How To REALLY Buy Less “Stuff” We Do Not Need
There’s a lot of talk about minimalism, tiny houses, buying less, de-cluttering and the like. These ideas and lifestyles are growing in popularity, but they are a far cry from the “more is always better” mentality to which most of us are accustomed. Many of us could benefit from buying fewer things. We have excess “stuff” building up in and around our homes that takes up space and generates stress. Old habits die hard. How do we start practicing these sustainable living principles in a world obsessed with always wanting more of everything?
Behind closed doors, I love to belt out a good tune and dance my heart out. I can’t sing well nor do I have any natural rhythm, so I won’t be putting my skills on display anytime soon. But you better believe, after two decades, I can still sing every word of this little number. Can you name that tune?
“Looking around here you think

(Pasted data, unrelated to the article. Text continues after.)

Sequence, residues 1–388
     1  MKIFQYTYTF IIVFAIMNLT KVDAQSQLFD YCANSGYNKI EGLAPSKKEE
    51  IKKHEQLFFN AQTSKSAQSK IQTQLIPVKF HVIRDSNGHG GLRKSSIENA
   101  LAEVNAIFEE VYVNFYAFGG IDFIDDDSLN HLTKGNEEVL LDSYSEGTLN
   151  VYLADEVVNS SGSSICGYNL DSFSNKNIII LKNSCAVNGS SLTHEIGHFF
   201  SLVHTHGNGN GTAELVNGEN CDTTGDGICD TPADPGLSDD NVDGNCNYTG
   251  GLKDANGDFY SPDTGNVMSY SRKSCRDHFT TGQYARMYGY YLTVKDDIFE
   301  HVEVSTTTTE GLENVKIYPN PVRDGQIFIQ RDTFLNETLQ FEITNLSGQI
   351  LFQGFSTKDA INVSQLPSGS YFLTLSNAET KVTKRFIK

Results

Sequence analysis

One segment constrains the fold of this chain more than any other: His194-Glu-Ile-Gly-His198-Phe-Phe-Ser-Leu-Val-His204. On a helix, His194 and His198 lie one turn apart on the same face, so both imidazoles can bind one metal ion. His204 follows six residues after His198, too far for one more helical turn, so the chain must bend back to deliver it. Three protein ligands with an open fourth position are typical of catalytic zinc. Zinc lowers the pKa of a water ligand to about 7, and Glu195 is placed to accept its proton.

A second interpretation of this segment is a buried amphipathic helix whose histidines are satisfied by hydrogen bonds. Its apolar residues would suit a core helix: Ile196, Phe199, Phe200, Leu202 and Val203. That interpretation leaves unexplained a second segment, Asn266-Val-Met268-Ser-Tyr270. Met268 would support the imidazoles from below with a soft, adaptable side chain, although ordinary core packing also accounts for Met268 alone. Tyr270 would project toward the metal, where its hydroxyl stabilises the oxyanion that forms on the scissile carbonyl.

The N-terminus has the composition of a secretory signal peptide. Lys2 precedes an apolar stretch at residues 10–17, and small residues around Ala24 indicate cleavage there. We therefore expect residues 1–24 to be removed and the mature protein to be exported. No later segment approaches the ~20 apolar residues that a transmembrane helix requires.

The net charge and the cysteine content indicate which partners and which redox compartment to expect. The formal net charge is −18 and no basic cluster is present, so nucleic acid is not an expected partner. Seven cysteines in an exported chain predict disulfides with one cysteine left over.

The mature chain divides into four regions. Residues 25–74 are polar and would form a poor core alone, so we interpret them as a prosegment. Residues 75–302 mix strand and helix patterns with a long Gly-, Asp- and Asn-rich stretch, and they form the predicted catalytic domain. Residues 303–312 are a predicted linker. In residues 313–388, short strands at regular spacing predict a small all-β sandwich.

Sure, she’s got everything
I’ve got gadgets and gizmos a-plenty
I’ve got whozits and whatzits galore
You want thingamabobs?
I’ve got twenty!
But who cares?
No big deal
I want more”
Even though I haven’t watched The Little Mermaid in about twenty years, I bet I could still sing this song in my sleep.
Last week, Stephanie from The Sustainable Minimalist podcast, shared an interesting graphic on Instagram about The Little Mermaid that got me thinking. Stephanie was referring to the lessons we could learn from the movie about plastic pollution in the ocean. Even in 1989, when the Little Mermaid was released, Ariel had an enormous collection of human gadgets and gizmos that had been dumped into her ocean home. Apparently the writers at Disney had an inkling about the pollution problems looming in our oceans, but I can assure you that none of that resonated with 6 year old me.